We asked four industry experts* that question hoping they’d give us concrete answers about what’s actually healthy, eco-friendly, and smart—and what’s just green-washing. You can see some of their answers in our December issue, where we featured builder Jeff King’s own eco-smart remodel, but the rest you’ll find right here.
TRUE IMPACT Re-routing construction waste
Consider remodeling and construction waste the same way you consider what ends up in your waste bin. What can be reused or recycled? Cities like San Francisco mandate 60 percent of construction waste be diverted from the dump. The King project featured in our December issue diverted 90 percent of its waste, donating and recycling much of it through Building Resources.
TRUE IMPACT Product innovations
ReWall Materials offers an alternative to standard dry wall. It’s made from 100 percent recycled containers. “This has the potential to disrupt the entire wallboard industry,” says architect Eric Corey Freed. “Plus, it could solve a huge waste issue.” Freed also introduced us to EcoVatali, a new line of paints that clean the air.
BEWARE Mass-made eco-goods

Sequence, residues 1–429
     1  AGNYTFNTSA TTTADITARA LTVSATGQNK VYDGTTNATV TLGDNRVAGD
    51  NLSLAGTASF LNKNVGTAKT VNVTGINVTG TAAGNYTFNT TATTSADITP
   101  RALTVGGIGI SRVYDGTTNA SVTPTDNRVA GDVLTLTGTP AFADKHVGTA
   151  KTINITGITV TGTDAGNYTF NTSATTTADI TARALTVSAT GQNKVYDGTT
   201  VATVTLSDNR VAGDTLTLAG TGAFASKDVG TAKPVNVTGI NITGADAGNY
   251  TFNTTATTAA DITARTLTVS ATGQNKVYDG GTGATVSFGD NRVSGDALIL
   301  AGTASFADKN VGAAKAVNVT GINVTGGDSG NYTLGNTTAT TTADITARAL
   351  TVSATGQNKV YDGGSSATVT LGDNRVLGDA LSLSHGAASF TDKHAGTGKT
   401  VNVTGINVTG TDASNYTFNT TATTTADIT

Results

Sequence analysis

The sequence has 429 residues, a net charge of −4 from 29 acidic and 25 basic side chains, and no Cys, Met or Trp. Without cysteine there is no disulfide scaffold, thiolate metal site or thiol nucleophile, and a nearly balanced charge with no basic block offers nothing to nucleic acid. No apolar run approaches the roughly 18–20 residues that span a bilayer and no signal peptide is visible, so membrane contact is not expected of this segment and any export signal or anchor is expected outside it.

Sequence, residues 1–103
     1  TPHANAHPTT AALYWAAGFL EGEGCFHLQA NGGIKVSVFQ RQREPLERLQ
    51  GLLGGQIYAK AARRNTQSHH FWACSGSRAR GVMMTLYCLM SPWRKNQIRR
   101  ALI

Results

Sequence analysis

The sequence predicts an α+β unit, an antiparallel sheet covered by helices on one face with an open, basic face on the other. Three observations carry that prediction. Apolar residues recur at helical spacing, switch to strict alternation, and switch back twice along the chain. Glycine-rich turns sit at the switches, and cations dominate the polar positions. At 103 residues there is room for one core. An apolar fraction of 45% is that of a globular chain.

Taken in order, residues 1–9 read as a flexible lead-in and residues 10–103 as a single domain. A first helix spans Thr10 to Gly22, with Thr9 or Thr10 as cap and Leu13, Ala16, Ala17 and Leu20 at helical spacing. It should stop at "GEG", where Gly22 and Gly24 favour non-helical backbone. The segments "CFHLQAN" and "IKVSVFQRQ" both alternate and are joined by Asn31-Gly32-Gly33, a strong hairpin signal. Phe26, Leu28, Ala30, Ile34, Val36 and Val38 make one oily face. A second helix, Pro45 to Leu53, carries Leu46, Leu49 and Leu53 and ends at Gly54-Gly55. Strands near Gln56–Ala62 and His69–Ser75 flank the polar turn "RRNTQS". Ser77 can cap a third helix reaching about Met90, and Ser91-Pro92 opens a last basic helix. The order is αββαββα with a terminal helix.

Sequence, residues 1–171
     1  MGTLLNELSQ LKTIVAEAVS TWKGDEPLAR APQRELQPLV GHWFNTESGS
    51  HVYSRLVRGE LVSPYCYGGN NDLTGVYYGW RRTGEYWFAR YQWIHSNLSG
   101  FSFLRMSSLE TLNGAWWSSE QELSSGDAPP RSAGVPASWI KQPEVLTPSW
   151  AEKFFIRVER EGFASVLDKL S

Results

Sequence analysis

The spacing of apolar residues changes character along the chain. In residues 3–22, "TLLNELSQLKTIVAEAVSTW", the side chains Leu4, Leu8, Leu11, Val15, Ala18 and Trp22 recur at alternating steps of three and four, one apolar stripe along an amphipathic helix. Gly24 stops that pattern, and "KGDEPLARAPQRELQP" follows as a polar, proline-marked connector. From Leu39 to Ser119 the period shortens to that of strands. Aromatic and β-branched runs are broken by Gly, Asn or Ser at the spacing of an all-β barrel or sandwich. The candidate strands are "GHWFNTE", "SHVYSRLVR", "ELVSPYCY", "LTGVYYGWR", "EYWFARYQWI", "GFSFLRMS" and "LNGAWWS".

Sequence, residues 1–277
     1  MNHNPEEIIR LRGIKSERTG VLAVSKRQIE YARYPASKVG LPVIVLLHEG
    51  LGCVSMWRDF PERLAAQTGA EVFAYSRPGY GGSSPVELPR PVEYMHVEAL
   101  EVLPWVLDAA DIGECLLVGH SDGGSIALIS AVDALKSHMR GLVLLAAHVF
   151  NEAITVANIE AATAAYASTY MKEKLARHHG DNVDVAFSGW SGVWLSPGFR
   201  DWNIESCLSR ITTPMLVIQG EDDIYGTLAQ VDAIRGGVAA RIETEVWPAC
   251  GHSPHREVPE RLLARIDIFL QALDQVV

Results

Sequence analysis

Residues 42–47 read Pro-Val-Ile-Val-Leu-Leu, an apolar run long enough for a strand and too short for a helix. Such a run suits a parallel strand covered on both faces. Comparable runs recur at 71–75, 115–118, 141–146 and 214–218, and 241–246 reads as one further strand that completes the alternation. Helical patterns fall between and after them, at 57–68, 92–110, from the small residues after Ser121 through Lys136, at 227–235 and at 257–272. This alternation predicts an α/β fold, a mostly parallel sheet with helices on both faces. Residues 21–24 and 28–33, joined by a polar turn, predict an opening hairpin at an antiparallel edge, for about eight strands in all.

Interior and furniture designer Kelly LaPlante says to look for materials and furnishings made by artisans rather than factories. “Artisans are so close to their work,” she says. “They often automatically do things as sustainably as possible because it directly effects them.”
TRUE IMPACT LEED and GreenPoint certifications
Some consider green home certifications a marketing gimmick since there’s a cost affiliated with receiving certification. It’s fair to raise the question “If I’m making all the smart environmental choices, why do I need to certify?” King says it’s a matter of holding yourself to an environmental standard. “Certifying a project is the only way you can tell for certain, that in spite of your best intentions as a builder, is there something you could have done better?,” says King. “I believe it’s worth the time and money to ensure you’re definitely building the best product as a result of meeting a certifications criteria.”
TRUE IMPACT Infrastructure
The part of a home you don’t see (and don’t think about) often has the most potential for efficiency improvement. If the house is drafty, the envelop of the home—windows, insulation, and heating system—need to be made airtight. “A top tier HVAC system will certainly help reduce heating and cooling costs and emissions,” says efficiency expert Matt Golden. “But if you’re attaching that to leaky ducts and a poorly insulated house, it’s not good bang for your buck.”